"Judevine" creator, Vermont poet and playwright David Budbill, dead at 76
MONTPELIER, Vt. — Vermont poet and playwright David Budbill died at his home Sunday at the age of 76.
Budbill wrote seven books of poems, including "Judevine, The Complete Poems," which was produced at Oldcastle Theatre Company in Bennington. He also wrote other plays (among them, "A Song For My Father," which had its world premiere at Lost Nation Theatre in Montpelier in April 2010 and was subsequently produced at Oldcastle in August 2010), a novel, and a picture book for children, among other works.
Budbill told Vermont Public Radio in late June that he was diagnosed more than a year before with a rare form of Parkinson's Disease.
Budbill was born in Cleveland, Ohio, on June 13, 1940, the son of a streetcar driver and a minister's daughter. He studied philosophy and art history at Muskingum College in New Concord, Ohio and earned a graduate degree in theology from Union Theological Seminary in New York in 1965. He moved to northern Vermont in 1969, where he lived in Wolcott for four decades before moving to Montpelier earlier this year with his wife, artust Lois Eby, who survives. He also is survived by his daughter, poet Nadine Wolf Budbill.
Among his honors are a 1981 Guggenheim Fellowship in Poetry and the Vermont Arts Council's 2002 Walter Cerf Award for Lifetime Achievement. In 2009, he received an honorary doctorate from New England College in Henniker, N.H.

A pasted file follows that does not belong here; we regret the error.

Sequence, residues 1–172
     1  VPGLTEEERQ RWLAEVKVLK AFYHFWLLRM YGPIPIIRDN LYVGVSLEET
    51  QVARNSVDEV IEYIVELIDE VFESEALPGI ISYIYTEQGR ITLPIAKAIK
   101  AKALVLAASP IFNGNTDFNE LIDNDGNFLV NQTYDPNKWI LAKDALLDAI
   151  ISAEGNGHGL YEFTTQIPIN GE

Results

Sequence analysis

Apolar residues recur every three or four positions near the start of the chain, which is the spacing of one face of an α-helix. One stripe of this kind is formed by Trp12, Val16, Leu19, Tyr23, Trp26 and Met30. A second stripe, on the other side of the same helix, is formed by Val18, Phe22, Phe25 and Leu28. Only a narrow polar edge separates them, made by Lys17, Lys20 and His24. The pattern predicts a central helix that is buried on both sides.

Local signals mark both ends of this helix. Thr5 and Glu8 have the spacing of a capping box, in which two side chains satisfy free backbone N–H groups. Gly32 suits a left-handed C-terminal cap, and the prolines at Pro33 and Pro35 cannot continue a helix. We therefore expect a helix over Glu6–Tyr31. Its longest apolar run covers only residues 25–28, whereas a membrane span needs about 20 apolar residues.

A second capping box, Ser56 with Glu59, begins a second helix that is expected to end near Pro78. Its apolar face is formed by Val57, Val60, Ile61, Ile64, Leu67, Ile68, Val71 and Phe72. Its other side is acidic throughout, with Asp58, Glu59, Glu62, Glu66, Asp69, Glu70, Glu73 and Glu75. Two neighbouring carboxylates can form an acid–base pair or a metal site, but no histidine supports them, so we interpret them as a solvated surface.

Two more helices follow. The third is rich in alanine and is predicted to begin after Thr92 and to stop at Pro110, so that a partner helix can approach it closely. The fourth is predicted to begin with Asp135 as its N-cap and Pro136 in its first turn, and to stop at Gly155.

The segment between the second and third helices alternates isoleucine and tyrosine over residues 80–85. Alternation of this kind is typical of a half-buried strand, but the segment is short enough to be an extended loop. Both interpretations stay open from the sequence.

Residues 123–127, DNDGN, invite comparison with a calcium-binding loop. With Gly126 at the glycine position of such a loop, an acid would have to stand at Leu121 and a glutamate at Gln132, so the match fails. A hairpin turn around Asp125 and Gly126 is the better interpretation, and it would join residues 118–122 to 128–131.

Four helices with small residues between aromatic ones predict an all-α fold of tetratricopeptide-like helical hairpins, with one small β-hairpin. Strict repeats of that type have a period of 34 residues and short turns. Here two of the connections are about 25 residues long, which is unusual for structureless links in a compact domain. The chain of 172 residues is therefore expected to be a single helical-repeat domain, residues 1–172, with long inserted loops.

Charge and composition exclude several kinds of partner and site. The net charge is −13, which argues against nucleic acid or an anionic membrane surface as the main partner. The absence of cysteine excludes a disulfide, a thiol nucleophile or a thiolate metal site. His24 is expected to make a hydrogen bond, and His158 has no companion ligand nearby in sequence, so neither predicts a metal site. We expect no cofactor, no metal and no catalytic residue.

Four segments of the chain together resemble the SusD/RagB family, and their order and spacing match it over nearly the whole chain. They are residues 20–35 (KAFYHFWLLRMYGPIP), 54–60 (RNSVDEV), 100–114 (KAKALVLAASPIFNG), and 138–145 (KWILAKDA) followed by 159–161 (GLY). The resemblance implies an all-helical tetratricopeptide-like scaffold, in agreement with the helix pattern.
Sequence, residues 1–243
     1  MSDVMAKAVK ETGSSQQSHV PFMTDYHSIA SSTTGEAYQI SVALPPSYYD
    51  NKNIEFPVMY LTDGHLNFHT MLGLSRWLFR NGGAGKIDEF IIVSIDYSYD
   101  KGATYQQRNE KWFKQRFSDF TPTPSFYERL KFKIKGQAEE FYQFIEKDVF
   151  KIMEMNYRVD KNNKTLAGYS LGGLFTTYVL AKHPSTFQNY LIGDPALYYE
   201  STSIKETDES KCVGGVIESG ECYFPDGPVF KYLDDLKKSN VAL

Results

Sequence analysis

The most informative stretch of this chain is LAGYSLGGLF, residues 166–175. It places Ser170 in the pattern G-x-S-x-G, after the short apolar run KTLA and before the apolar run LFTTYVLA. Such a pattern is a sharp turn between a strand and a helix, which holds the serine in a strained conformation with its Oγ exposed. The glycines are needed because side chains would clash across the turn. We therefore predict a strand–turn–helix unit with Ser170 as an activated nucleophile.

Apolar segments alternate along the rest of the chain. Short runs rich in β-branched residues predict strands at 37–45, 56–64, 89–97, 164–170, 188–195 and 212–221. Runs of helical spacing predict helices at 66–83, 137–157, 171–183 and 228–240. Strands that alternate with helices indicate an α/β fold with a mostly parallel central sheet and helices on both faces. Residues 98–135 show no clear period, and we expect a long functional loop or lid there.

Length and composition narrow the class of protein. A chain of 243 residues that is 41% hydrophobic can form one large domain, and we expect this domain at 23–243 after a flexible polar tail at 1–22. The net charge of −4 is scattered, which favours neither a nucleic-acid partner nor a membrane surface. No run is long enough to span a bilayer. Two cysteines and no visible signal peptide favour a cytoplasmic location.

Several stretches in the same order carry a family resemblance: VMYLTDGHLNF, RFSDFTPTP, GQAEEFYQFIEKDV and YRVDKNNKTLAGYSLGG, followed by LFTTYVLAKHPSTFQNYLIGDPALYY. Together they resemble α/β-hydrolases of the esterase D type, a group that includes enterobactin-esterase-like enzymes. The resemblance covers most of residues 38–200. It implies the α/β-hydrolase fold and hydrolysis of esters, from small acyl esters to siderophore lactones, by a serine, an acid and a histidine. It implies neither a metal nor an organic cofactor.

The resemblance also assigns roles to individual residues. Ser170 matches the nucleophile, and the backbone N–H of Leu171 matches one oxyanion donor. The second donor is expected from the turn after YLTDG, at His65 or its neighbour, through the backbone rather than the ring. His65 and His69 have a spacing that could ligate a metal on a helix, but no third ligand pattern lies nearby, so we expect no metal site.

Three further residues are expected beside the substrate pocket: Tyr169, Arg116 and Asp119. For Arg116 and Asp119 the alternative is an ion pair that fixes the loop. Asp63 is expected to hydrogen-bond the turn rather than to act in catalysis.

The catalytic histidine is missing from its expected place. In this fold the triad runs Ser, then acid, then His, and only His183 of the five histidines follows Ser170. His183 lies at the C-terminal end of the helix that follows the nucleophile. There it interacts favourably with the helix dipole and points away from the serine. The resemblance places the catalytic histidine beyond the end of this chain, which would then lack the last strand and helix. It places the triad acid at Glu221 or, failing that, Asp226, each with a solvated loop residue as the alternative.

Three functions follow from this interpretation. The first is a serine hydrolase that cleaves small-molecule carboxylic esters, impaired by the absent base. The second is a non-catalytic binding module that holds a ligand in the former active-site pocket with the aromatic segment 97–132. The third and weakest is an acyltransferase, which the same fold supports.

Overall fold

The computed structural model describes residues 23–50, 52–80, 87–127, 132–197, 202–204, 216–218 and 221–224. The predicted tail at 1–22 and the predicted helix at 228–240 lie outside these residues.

Alex Aldrich, executive director of the Vermont Arts Council, says for many people Budbill was the Vermont state poet. He says his poetry captures a combination of the language and feeling of being in Vermont as a Vermonter would experience it.
Over the course of his life, Budbill worked as a carpenter's apprentice, short order cook, mental hospital attendant, church pastor. He was a musician and a frequent commentator for NPR. But writing was his passion and his life. He wrote seven books of poems, one novel, one picture book for children, a collection of short stories, numerous essays, an opera libretto, and eight plays, the most notable of which is "Judevine."
Designed to be performed by an ensemble of anywhere from six to a dozen or more actors, "Judevine" chronicles the lives of a group of people who live in the hills and valleys of Vermont's Northeast Kingdom.
Between its two-act and three-act versions, "Judevine" has had 65 productions in 26 states over the past 30 or so years. American Conservatory Theatre's 1991 production in San Francisco and won the Bay Area Critics Circle Award for Best Ensemble Performance.
In the Berkshires/Green Mountains region, "Judevine" has had four full productions at Oldcastle Theatre Company in 1988, 1989, 1996, and 2004, and a benefit reading with Budbill in the cast in 2008. The play also has had full productions at Lost Nation Theatre (2007) and Dorset Theatre Festival (2007) in Vermont and Connecticut Repertory Theatre (2004) in Storrs.
"I will always be proud of our 'Judevine' productions," Oldcastle's producing artistic director, Eric Peterson, said in an e-mail. "He never received the recognition he deserved for his work but the words will live."
Berkshire Eagle arts and entertainment editor and theater critic Jeffrey Borak contributed material to this article.
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